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Domains of HSI - Manpower and Personnel

The Manpower and Personnel domain focuses on the number and mix of skilled personnel necessary to properly operate, maintain, and support the system being acquired. It establishes manpower requirements for new Coast Guard acquisitions that best represent the quantity and quality of personnel needed to fulfill mission requirements. We want to get the right people to the right place at the right time with the right human support services so we can get the job done.

Manpower refers to total workload which takes into account job tasks, maintenance, operations, and all other associated workload. It is the number of people or “spaces” needed to operate, maintain, and support the system. Manpower makes up over 60% of an asset’s life cycle cost, making it a major determinate of program cost and affordability. Manpower officials work closely with the program manager throughout the acquisition process to ensure they pursue engineering designs that optimize manpower and keep human resource costs at affordable levels. By establishing manpower requirements, we can identify manpower gaps or excesses that influence the current risk profile for each acquisition.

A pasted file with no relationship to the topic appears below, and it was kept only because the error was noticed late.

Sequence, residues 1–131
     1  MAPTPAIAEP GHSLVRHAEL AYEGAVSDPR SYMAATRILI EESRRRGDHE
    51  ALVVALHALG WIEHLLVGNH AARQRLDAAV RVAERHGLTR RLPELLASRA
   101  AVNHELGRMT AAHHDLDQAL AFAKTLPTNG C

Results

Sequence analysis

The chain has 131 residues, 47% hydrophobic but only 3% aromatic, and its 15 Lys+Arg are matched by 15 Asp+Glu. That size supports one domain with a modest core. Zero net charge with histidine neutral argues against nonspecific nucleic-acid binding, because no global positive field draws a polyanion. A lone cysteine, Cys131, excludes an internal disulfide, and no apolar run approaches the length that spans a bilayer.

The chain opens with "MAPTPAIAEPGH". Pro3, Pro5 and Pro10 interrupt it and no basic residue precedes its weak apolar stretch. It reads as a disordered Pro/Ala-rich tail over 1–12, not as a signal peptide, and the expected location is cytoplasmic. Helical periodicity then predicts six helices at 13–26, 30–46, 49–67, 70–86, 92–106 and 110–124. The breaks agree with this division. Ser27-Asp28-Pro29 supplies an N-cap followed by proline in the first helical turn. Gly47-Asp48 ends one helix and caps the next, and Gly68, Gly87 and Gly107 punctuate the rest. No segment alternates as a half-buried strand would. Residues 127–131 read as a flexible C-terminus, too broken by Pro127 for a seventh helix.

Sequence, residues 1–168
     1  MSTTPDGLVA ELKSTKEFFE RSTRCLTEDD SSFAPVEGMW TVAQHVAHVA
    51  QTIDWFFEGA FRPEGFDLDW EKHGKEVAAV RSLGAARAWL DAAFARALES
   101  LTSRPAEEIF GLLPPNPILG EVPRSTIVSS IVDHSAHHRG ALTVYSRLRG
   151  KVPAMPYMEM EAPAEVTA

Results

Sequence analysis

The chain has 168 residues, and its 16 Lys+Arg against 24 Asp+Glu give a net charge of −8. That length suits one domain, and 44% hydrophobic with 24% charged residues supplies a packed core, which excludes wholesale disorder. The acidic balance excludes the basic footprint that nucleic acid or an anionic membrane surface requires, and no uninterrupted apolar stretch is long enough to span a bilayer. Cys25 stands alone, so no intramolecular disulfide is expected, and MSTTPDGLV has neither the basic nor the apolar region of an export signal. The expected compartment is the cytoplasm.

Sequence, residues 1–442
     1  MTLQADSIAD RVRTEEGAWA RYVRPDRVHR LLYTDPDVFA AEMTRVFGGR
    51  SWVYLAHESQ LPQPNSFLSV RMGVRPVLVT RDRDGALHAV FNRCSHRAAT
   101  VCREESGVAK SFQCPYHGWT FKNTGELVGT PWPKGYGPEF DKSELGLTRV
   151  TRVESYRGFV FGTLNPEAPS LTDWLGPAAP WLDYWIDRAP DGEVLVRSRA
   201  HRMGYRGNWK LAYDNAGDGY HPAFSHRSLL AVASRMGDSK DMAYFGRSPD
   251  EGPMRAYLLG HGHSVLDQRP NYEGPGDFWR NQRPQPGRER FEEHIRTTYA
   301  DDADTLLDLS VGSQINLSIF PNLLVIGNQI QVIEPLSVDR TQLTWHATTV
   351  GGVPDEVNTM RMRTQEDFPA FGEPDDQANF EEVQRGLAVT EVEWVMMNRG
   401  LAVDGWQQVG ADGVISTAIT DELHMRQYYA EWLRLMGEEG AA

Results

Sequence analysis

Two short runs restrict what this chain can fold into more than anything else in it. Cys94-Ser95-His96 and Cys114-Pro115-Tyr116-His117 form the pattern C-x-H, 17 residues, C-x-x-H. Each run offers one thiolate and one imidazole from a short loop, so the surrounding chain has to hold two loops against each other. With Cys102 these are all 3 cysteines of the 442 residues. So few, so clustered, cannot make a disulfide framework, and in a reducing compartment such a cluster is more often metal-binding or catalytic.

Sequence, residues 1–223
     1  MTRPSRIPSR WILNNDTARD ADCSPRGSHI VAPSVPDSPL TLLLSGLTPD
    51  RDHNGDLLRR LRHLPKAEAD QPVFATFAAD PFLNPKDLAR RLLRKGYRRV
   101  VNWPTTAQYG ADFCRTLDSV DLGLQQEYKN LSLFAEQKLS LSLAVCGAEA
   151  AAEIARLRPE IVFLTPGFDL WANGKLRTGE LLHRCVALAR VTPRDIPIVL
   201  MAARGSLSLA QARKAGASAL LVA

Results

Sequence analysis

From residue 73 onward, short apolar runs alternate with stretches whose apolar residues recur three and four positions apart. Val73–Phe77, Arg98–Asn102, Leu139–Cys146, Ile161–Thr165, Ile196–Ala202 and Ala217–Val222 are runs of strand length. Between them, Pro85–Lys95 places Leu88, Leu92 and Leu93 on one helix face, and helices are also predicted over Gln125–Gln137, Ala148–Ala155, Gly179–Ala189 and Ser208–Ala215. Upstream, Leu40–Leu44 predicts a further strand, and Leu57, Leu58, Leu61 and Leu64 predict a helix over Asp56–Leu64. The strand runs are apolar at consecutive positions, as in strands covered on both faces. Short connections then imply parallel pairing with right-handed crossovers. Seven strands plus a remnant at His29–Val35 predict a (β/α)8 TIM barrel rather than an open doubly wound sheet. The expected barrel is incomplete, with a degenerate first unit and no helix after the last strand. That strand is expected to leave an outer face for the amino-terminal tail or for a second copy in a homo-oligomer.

Personnel refers to the wide range of knowledge, skills, abilities, and experience levels necessary to successfully perform the job. It defines the human performance characteristics of the user population based on the system description and projected characteristics of target occupational specialties. The total workload and skills are analyzed to determine the necessary manpower requirement to ensure the success of the acquisition. Personnel attributes are design parameters.

The Manpower and Personnel team computes the manpower requirements for any given asset but that analysis does not always match the manning of that asset. It is important to understand the distinct difference between manpower & manning. The following illustration demonstrates the differences:

For more information on the Training domain, refer to the Defense Acquisitions Handbook, 6.3.1.